Commenced in January 2007
Frequency: Monthly
Edition: International
Paper Count: 2

root growth Related Abstracts

2 Effect of Different Arsenic Treatments on Root Growth of Sunflower Seedlings in Rhizobox Experiment

Authors: Szilvia Várallyay, Béla Kovács, Éva Bódi, Farzeneh Garousi, Szilvia Veres

Abstract:

Arsenic (As) is a naturally occurring substance that can be present in soil, water and air. Vegetables, fruits, and other plants that grow in contaminated soils which are able to accumulate arsenic. Arsenic when presents in plant cells, has various negative physiological effects and when presents in soil will be inorgaic form, namely arsenite (As(III)) and arsenate (As(V)). These two forms of arsenic disrupt plant metabolism by inhibiting its growth and these arsenic species has negative effect on nutrient uptake. A rhizobox experiment was conducted to investigate the effect of arsenite and arsenate on root growth of sunflower seedlings. Sunflower plants were grown in climatic room under irradiance of 300 µmol m-2 s-1, 16-h day and 8-h night photoperiod, day/night temperature of 25/20°C and relative humidity of 65-75%. We applied arsenic in form of arsenite (NaAsO2) and arsenate (KH2AsO4), respectively. The applied arsenic treatments was 0, 10, 30, 90 mg.kg-1. After disinfection, seeds were germinated between moist filter papers. Seedlings with 2-3 cm coleoptils were placed into rhizoboxes. In the rhizoboxes the growing and daily growing rhythm of roots of sunflower can be followed up, moreover possible phytotoxic symptoms of roots resulting from increasing arsenic can be seen. Weights of rhizoboxes were measured daily and also evaporated water added each day. The lengths of roots were measured daily until seedlings roots get at the end of the rhizoboxes. Negative correlation was observed between the higher concentration of arsenic in the soil and the growth of sunflower seedlings roots. The effect of arsenic toxicity was more considerable in 90 mg.kg-1 arsenic treatment than lower concentration. The same arsenite concentration causes slower growth in case of sunflower plant than the same arsenate concentration produced.

Keywords: Arsenic, Sunflower, rhizobox experiment, root growth

Procedia PDF Downloads 296
1 The Effects of Root Zone Supply of Aluminium on Vegetative Growth of 15 Groundnut Cultivars Grown in Solution Culture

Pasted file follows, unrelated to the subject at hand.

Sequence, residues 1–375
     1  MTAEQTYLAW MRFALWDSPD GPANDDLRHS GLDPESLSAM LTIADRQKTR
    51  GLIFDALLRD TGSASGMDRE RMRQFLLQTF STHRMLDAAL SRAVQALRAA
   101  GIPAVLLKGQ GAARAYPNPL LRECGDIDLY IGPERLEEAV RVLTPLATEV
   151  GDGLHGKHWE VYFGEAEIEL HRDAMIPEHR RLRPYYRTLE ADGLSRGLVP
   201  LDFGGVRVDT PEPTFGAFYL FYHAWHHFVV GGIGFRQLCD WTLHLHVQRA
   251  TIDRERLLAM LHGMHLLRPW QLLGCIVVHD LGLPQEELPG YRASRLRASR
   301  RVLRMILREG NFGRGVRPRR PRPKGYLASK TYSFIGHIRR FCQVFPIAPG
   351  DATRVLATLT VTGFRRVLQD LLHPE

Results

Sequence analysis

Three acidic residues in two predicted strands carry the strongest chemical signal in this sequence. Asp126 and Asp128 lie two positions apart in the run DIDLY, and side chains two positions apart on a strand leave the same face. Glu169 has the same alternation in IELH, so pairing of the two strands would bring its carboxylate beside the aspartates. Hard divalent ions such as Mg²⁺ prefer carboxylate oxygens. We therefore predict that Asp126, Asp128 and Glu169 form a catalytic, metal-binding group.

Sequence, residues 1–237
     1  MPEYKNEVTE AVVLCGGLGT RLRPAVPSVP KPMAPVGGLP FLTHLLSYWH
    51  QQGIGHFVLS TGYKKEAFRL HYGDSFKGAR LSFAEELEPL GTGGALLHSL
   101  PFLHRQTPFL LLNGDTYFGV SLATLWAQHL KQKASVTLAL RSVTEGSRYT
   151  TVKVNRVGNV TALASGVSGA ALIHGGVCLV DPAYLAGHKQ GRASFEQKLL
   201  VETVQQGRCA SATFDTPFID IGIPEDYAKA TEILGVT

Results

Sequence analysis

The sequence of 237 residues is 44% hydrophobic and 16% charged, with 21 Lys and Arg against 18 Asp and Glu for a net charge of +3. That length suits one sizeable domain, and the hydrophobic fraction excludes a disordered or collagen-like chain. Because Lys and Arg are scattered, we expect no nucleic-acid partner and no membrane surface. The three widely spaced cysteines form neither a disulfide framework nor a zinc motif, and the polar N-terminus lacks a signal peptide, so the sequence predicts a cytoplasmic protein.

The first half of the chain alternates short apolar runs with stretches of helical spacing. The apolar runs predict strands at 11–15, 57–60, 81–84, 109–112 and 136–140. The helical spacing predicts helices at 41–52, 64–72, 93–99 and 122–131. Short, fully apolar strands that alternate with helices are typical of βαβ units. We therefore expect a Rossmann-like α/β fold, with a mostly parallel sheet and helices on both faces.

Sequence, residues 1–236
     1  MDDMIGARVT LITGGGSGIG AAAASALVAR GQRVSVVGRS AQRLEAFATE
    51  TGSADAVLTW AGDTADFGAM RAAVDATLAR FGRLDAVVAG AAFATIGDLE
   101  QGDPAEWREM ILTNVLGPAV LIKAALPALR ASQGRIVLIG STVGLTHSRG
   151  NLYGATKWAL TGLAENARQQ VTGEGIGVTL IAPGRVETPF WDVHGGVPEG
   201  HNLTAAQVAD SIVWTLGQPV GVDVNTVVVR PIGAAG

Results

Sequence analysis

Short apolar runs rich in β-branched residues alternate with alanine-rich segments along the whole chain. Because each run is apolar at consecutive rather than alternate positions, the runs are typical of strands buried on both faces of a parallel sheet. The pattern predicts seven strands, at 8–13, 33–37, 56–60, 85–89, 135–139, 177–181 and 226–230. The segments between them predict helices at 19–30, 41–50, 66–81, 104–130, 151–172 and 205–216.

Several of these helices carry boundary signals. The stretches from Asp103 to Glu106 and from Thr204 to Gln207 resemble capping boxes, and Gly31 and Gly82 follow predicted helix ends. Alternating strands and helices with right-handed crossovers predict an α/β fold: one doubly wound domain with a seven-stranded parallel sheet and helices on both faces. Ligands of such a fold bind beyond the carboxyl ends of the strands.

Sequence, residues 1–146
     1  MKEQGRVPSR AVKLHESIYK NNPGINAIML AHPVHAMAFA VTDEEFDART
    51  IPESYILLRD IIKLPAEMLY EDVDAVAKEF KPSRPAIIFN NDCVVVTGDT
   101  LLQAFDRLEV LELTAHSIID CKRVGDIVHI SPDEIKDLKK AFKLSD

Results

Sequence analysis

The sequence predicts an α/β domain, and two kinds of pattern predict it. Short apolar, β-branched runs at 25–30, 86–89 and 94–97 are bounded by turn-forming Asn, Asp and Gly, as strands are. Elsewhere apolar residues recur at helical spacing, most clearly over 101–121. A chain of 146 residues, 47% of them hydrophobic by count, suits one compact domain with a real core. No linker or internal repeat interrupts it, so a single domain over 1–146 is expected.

Authors: Mosima M. Mabitsela

Abstract:

Groundnut is preferably grown on light textured soils. Most of these light textured soils tend to be highly weathered and characterized by high soil acidity and low nutrient status. One major soil factor associated with infertility of acidic soils that can negatively depress groundnut yield is aluminium (Al) toxicity. In plants Al toxicity damages root cells, leading to inhibition of root growth as a result of the suppression of cell division, cell elongation and cell expansion in the apical meristem cells of the root. The end result is that roots become stunted and brittle, root hair development is poor, and the root apices become swollen. This study was conducted to determine the effects of aluminium (Al) toxicity on a range of groundnut varieties. Fifteen cultivars were tested in incremental aluminum (Al) supply in an ebb and flow solution culture laid out in a randomized complete block design. There were six aluminium (Al) treatments viz. 0 µM, 1 µM, 5.7 µM, 14.14 µM, 53.18 µM, and 200 µM. At 1 µM there was no inhibitory effect on the growth of groundnut. The inhibition of groundnut growth was noticeable from 5.7 µM to 200 µM, where the severe effect of aluminium (Al) stress was observed at 200 µM. The cultivars varied in their response to aluminium (Al) supply in solution culture. Groundnuts are one of the most important food crops in the world, and its supply is on a decline due to the light-textured soils that they thrive under as these soils are acidic and can easily solubilize aluminium (Al) to its toxic form. Consequently, there is a need to develop groundnut cultivars with high tolerance to soil acidity.

Keywords: Reduction, cultivars, root growth, aluminium toxicity

Procedia PDF Downloads 15